Recapture & Profit-Sharing Provisions

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Most commercial leases contain Assignment and Subletting provisions which allow the tenant to (sub)lease a portion of or the entire leased premises to another party, known as an assignee or subtenant/sublessee. In most (if not all) cases, landlords must consent to the sublease or assignment. Language governing that consent can range from “in landlord’s sole discretion” to “not to be unreasonably withheld, conditioned, or delayed.” In addition to required consent, two of the most important rights available to landlords under the Assignment and Subletting section of the lease are Recapture provisions and Profit-Sharing provisions. They allow landlords to maintain control of the space/property and mitigate the impact of below market lease rates thereby allowing them to maximize the resale value of their asset.

Recapture provisions allow the landlord to terminate the lease and retake possession of the leased premises. There are a number of “triggers” that allow the landlord to exercise their right, including but not limited to, events of default, failure to maintain a certain gross sales revenue (in cases of percentage rent), etc. but in this case we’re focused on the instance in which the tenant requests the right to sublet or assign the lease.

Profit-Sharing provisions require the tenant to share any net profits from subleasing or assigning the leased premises. Generally, it’s 50/50 and the key term is “net” profits, which means that the tenant’s expenses in procuring a(n) subtenant/assignee, i.e. brokerage commissions, free rent, improvement allowances, and other considerations are subtracted from the gross rental value.

There are multiple issues for the landlord to consider when determining which right to exercise. Certainly the recapture right provides greater control over the space, but profit-sharing may be preferable in certain cases. The goal is maximizing value and/by minimizing risk.

Who secures the lease? Who’s the tenant? Who’s the proposed subtenant/assignee? Does the tenant have a personal guaranty? How much time is left on the lease? Is this an assignment or a sublet? What’s the difference? Why is the tenant seeking to sublease or assign the lease? What is the opportunity cost of releasing the premises? These considerations are intermarried but form models for decision-making.

The landlord’s primary goal is to collect (at least) the contract rent from the lease. The stronger party financially is the one with the greatest likelihood of doing so. If Google leased more space than it needed initially and requests the right to sublet a portion of their space, the landlord will prefer to share in the net profits from a sublease rather than recapture the space, regardless of the difference between the market rent and contract rent. In many cases though, landlords will need to consider the financials of two relatively similar parties. Generally, the minimum requirement for consent to a sublet/assignment is that the proposed subtenant/assignee have a financial net worth/strength equal to the tenant at the time of lease commencement. In cases where two parties are comparable financially the difference between market rents and the contract rent will govern the landlord’s decision.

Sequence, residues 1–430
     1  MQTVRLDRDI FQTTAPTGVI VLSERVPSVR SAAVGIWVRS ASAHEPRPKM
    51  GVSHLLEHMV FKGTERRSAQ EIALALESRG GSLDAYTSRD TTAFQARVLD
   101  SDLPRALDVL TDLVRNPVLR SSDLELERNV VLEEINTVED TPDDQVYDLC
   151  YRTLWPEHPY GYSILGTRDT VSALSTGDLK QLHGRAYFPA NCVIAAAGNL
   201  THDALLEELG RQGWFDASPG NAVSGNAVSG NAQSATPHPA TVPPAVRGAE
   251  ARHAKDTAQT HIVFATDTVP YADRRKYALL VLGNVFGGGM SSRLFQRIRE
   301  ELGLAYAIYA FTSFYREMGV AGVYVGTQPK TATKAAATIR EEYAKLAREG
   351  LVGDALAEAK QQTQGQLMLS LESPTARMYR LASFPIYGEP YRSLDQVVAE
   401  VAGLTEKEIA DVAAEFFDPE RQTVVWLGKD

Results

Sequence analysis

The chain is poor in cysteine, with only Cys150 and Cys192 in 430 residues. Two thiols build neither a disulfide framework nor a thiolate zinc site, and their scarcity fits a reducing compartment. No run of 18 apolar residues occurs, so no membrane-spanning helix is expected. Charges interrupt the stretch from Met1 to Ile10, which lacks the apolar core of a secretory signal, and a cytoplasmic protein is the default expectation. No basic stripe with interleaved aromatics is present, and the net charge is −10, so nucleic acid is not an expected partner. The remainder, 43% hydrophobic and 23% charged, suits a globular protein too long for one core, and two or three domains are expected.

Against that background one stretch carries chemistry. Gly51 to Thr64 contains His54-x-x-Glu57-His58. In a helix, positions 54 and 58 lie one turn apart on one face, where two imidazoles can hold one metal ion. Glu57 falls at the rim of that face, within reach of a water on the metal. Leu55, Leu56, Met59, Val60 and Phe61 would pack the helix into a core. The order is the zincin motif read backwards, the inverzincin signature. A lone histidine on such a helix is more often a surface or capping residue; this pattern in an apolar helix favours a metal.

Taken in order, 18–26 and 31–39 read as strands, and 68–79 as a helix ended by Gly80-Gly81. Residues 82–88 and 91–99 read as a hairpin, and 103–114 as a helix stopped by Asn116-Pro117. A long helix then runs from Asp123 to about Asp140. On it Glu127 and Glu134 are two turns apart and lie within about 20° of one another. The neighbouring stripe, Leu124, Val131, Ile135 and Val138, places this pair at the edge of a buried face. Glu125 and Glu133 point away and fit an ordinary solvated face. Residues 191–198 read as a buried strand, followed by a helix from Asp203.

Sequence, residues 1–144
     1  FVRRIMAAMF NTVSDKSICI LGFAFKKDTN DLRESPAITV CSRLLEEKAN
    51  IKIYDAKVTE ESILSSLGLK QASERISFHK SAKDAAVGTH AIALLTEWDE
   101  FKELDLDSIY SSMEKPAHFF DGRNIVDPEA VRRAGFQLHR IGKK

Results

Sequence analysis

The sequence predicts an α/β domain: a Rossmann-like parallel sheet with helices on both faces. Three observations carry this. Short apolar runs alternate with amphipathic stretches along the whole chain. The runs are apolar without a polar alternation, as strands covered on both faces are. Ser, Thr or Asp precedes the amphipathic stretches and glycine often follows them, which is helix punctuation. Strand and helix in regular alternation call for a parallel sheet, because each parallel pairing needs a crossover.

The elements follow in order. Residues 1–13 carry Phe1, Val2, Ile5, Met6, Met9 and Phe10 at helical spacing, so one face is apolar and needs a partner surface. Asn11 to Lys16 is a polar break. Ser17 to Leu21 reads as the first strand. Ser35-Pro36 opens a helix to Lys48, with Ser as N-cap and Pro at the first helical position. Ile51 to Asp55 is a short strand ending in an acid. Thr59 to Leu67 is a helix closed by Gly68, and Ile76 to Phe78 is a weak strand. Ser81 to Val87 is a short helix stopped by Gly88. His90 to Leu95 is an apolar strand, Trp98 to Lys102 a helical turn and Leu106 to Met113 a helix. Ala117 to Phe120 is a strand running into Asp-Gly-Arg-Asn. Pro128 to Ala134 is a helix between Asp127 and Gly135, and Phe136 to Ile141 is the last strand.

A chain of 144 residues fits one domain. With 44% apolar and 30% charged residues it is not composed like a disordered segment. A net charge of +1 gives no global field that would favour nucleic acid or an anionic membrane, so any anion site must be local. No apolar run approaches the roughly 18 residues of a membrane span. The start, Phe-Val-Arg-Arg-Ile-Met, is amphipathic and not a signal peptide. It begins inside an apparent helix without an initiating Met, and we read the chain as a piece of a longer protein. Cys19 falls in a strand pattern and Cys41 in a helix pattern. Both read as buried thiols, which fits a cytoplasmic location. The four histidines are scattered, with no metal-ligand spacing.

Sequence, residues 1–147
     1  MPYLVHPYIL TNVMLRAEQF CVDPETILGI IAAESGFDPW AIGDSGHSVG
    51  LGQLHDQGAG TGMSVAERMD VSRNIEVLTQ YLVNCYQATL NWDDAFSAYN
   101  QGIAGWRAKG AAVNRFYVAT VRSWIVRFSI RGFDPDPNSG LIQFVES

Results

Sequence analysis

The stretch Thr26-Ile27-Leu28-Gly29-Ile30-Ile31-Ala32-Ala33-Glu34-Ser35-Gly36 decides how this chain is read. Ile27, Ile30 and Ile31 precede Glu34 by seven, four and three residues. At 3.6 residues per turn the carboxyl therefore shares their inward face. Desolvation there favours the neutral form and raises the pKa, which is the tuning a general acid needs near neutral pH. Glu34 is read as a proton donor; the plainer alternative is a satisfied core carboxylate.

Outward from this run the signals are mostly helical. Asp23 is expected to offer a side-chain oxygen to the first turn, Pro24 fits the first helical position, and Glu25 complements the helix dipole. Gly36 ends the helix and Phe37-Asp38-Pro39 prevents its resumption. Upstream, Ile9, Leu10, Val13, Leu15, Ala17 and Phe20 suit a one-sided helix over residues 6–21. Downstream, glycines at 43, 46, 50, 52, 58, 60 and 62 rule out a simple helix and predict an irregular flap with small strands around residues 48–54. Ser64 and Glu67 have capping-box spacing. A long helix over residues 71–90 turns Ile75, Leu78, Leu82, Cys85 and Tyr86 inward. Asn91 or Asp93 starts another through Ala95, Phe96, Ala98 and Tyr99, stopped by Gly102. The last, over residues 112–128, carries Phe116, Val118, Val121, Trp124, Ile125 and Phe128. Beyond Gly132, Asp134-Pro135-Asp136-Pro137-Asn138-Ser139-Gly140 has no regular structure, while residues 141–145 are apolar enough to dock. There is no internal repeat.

Related to the landlord’s primary goal of collecting rent is the risk of default. The reason behind the tenant’s request to sublease or assign the leased premises is another key factor that landlords must consider. In the previous case, there is little to no risk involved. Large companies like Google will sometimes lease more space than they need at the time in order to extract maximum concessions from the landlord, take advantage of economies of scale, and ensure room for future growth. In such cases, companies may choose to sublet their space until they need it. Conversely, many (if not most) requests to sublease or assign the lease are the result of lost contracts, decreased revenue, declining profits, etc. and can foreshadow default. If market rents are higher than the contract rent in such cases the landlord should choose to recapture the space.

The opportunity cost associated with recapturing/releasing the space takes into account the previous two considerations and the difference between the contract rent and market rents, as well as market concessions. Depending on the condition of the space, the tenant’s proposed improvements and the associated costs, and current market tenant improvement allowances, the landlord may choose to simply take 50% of the net profits from the sublease/assignment.

Another closely related and crucial element is the time remaining on the lease term and whether the tenant is seeking to sublease or assign the lease. If there is not much time left on the lease, i.e. less than one year, the landlord may choose to recapture the space to secure a long(er)-term tenant when market rents exceed the contract rent. In the case of a sublease for a portion of the space for a portion of the lease term, the landlord may choose to simply share in the profits under the presumption that the original tenant will reoccupy the subleased space within the lease term. If a tenant is requesting to assign the lease the landlord will carefully consider the reason behind the request when making its decision.

The guiding principle for landlords/owners is to maintain control over their property by providing themselves with the most options/rights to manage changes in the market or their tenant’s financial condition. A property’s net operating income (NOI) sets the benchmark upon which it will be valued, but the risk associated with that income determines the capitalization rate to be applied, which ultimately establishes the property’s market value. The higher the NOI  and the lower the risk/cap rate the greater the value.

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